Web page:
The Prince has come and gone.
Like CC Sabathia three years ago, Prince Fielder is bound to depart Milwaukee—for better or for worse.
Fielder is one of baseball's most prolific sluggers and has earned the right to a big time contract that will secure his family's future for many generations.
Unfortunately, that leaves the 2011 NL Central Champion Brewers with a major hole at first base—one they have not had since Fielder's debut in 2005.
Milwaukee already faces several question marks heading into 2012. What will the new bullpen look like without Francisco Rodriguez? Who will play first base and third base? Is Shaun Marcum healthy?
The one that causes the most concern, however, is the inevitable departure of Prince Fielder.
It's now time to play general manager and brainstorm about the most realistic options for replacing the Prince in Milwaukee.
There's a good chance that James Loney will be non-tendered in L.A.
Loney came up as the tagged "first baseman of the future" for the Dodgers. Loney does play brilliant defense, but has not lived up to the batting champion expectations LA had for him. Loney never hit for Prince-like power, but neither did Rod Carew.
If Loney does get let go in Dodger town, he'd be a very interesting pickup for the Brewers. Loney could be had at a fraction of Prince's price, plays great defense—which is a focus for the Brewers following an abysmal defensive showing in this postseason—and still has the potential to hit .300.
There's a reason he's still in the system and I think this is the very reason why.
Gamel has been raking in the minor leagues for over six years now. The Brewers sent off prospects like Lorenzo Cain, Matt LaPorta, Michael Brantley, Jake Odorizzi and Brett Lawrie among others to acquire big name players like Sabathia, Marcum and Zack Greinke.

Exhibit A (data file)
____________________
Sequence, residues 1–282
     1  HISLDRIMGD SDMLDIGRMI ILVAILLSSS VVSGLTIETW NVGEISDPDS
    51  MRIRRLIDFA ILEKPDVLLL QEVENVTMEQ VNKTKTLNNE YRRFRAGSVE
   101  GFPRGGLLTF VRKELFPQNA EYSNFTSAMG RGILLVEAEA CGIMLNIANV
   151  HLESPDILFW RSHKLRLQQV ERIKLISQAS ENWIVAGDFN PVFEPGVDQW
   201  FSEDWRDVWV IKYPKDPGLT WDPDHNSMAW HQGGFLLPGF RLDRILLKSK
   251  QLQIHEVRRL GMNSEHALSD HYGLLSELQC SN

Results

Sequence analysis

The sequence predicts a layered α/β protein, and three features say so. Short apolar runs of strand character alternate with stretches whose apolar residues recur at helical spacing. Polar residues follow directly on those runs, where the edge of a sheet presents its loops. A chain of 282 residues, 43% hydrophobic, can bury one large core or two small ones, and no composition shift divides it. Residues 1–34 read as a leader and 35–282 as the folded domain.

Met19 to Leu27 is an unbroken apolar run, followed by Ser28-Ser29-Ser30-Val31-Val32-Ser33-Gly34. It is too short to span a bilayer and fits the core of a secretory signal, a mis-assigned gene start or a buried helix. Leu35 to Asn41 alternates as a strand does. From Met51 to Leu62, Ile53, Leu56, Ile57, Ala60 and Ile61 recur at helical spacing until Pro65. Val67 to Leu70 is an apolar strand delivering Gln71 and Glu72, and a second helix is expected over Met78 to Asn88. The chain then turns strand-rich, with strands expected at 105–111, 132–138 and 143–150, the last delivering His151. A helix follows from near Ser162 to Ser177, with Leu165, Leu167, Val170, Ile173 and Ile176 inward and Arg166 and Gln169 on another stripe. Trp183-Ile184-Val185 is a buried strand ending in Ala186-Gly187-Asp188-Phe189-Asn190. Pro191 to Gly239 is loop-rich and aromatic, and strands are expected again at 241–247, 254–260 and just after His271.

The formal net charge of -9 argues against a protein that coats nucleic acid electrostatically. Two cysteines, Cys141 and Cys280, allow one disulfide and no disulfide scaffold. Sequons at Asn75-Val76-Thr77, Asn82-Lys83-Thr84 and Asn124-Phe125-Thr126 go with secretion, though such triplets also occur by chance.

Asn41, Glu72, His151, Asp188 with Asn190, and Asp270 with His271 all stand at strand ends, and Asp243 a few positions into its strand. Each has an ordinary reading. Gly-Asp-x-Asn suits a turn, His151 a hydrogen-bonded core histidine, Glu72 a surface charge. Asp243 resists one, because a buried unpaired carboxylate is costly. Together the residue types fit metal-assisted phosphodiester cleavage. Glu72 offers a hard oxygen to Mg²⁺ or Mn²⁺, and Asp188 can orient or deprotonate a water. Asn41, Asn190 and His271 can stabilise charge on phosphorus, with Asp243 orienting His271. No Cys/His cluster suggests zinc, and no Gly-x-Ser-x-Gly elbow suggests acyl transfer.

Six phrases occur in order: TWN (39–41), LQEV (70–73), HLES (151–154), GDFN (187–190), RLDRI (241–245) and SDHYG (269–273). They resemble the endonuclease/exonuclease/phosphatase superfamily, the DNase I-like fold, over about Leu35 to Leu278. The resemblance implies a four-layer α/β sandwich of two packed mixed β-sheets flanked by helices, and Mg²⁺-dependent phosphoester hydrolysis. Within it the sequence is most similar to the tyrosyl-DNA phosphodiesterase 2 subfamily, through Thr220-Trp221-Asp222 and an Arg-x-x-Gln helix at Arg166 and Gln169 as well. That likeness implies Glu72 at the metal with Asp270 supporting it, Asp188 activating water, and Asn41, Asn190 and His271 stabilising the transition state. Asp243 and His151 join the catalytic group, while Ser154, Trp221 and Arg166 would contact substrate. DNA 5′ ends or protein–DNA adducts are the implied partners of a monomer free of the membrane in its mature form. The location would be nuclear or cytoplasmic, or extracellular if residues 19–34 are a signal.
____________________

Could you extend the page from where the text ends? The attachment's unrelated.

But they kept Mat Gamel all this time.
He has been the Fielder insurance plan for some time now and this very well could be his shot. Gamel wil turn 27 midway through the 2012 campaign, so his audition may not be long—especially considering his other short stints at the big show were rather underwhelming (.222/.309/.374 in 84 major league games).
A somewhat controversial choice would be D-Lee.
Lee, better known for his seasons clubbing the Brewers while wearing a Cubs uniform, could make sense in Milwaukee. He is a shadow of his 2005 edition in which he smashed 46 bombs, but he'd be a sufficient option for a year or two. Following his trade out of Baltimore, Lee had a renaissance second half with Pittsburgh (.337/.398/.584). Problem was, his second half lasted only 28 games as he went down with an injury.
Lee can still flash the leather at first base—the major question is whether or not he can still hit.
Milwaukee fans won't be jumping for joy seeing this former Brewers' name.
If you Google search "career journeyman," you're bound to find Russell Branyan somewhere on the first page.
However, desperate times call for desperate measures, and the Brew Crew needs a power hitting first baseman. Branyan had one sleepless season in Seattle. The before and after of that season have been mighty sleep worthy as well.
Branyan probably has Prince Fielder caliber power—problem is, he also has Mark Reynolds caliber whiff power. He has 1118 strikeouts in 2934 career at-bats—that's about 40 percent of the time.
"Russell the Muscle" could become a last resort, absolute 'worst-case scenario' plan.
Michael Cuddyer is a great fit for Milwaukee.
The Brewers and willing-to-invest owner Mark Attanasio would likely be able to afford Cuddyer's services. Cuddyer offers many positives—he can hit for average, power, and provides a great amount of versatility.